Eriogonum kennedyi var. alpigenum is one of five varieties of Kennedy’s buckwheat.
This variety, commonly called San Gorgonio wild buckwheat, is found in subalpine to alpine areas of the San Gabriel and San Bernardino Mountains in California. It is differentiated from other varieties of Eriogonum kennedyi primarily by its range, but also by its scapes (.3-2cm), leaf blade (2-4 x .7-1.5mm), and involucres (1.5-2mm).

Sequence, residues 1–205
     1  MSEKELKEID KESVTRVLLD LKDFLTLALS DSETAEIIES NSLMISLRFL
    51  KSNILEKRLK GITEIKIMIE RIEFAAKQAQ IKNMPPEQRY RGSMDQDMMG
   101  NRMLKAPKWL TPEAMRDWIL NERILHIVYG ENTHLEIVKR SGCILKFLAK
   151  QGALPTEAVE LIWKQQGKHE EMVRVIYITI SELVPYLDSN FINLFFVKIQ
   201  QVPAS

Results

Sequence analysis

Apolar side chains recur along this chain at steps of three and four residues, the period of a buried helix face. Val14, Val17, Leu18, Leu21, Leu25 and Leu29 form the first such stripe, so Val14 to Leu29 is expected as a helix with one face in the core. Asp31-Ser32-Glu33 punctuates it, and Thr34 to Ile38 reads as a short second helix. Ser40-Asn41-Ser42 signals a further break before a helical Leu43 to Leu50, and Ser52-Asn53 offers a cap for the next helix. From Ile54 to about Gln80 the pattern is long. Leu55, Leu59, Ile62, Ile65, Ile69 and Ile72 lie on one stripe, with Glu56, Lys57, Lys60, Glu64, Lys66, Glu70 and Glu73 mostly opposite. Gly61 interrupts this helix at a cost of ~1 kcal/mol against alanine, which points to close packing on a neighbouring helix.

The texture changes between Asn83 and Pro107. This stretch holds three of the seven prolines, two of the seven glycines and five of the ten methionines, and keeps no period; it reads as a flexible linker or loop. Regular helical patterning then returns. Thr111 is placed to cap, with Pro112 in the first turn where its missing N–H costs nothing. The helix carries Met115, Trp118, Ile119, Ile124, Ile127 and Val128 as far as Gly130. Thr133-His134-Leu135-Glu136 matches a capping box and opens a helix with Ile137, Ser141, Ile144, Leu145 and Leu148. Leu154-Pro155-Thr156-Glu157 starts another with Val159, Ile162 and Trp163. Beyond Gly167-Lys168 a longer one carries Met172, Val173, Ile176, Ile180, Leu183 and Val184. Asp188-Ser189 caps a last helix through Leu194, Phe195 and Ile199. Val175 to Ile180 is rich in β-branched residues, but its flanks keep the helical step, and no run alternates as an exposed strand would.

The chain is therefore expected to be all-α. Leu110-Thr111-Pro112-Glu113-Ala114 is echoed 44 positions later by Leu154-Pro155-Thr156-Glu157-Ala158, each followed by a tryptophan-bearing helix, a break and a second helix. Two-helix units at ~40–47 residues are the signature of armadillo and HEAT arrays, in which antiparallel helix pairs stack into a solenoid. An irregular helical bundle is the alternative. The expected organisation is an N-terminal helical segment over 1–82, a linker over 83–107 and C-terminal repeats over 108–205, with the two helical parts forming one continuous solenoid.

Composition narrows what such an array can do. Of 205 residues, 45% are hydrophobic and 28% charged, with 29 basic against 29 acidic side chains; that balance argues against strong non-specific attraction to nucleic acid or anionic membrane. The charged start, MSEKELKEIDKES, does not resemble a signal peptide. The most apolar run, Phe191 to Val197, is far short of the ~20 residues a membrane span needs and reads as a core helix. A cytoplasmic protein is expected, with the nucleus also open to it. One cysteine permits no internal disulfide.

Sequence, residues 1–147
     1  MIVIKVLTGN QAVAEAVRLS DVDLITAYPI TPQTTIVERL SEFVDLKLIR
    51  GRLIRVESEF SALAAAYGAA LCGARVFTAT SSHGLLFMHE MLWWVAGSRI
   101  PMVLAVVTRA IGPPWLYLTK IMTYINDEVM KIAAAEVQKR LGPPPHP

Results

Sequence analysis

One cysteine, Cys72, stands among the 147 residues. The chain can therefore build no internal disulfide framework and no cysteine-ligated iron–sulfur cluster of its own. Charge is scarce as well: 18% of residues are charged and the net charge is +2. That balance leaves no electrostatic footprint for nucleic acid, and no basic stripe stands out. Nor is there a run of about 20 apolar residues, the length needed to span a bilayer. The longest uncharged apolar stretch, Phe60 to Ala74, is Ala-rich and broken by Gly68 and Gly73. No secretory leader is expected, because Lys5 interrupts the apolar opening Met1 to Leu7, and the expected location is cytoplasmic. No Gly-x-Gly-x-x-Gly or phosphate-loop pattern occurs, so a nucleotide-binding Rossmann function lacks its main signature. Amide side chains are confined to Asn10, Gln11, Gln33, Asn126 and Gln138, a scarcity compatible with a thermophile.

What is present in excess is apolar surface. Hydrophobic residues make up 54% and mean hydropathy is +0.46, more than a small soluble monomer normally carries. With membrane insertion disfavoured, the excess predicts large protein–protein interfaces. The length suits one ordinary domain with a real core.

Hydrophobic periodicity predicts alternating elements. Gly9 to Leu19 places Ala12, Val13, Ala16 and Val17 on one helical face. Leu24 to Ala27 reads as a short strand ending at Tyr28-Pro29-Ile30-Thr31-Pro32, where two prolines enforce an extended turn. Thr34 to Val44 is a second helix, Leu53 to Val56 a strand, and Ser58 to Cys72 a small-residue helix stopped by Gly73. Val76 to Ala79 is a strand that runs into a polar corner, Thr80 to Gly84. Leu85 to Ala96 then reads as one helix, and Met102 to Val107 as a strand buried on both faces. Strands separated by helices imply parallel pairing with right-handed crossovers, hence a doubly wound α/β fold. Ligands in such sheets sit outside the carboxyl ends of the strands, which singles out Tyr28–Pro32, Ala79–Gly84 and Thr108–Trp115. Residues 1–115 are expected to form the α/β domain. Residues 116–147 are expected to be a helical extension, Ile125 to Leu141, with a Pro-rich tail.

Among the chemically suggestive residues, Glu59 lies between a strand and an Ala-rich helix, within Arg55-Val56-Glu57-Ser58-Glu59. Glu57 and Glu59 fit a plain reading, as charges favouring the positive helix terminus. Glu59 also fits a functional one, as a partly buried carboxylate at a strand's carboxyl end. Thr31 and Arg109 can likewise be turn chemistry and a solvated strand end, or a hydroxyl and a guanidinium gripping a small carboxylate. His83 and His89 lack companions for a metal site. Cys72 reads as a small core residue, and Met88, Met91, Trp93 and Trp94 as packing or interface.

The broader species, Eriogonum kennedyi, has a cushion-forming habit. Of the five varieties, four are endemic to California with the fifth occurring in western central Nevada in addition to California. Like other species of Eriogonum, Eriogonum kennedyi is important to native bees and butterflies (the species is a host for many butterfly species including the Mormon metalmark (Apodemia mormo), bramble hairstreak (Callophrys perplexa), and Comstock’s hairstreak (Callophryssheridanii comstocki)). Kennedy’s buckwheat has 1cm long green leaves that are coated in brown to pink or white tomentose (matted hairs), giving the leaves a woolly, light appearance. In July to August, plants of Eriogonum kennedyi send up .4-15cm tall scapes bearing heads of delicate pink and white flowers. In late summer, the fruit on the scapes are dry, brown achenes.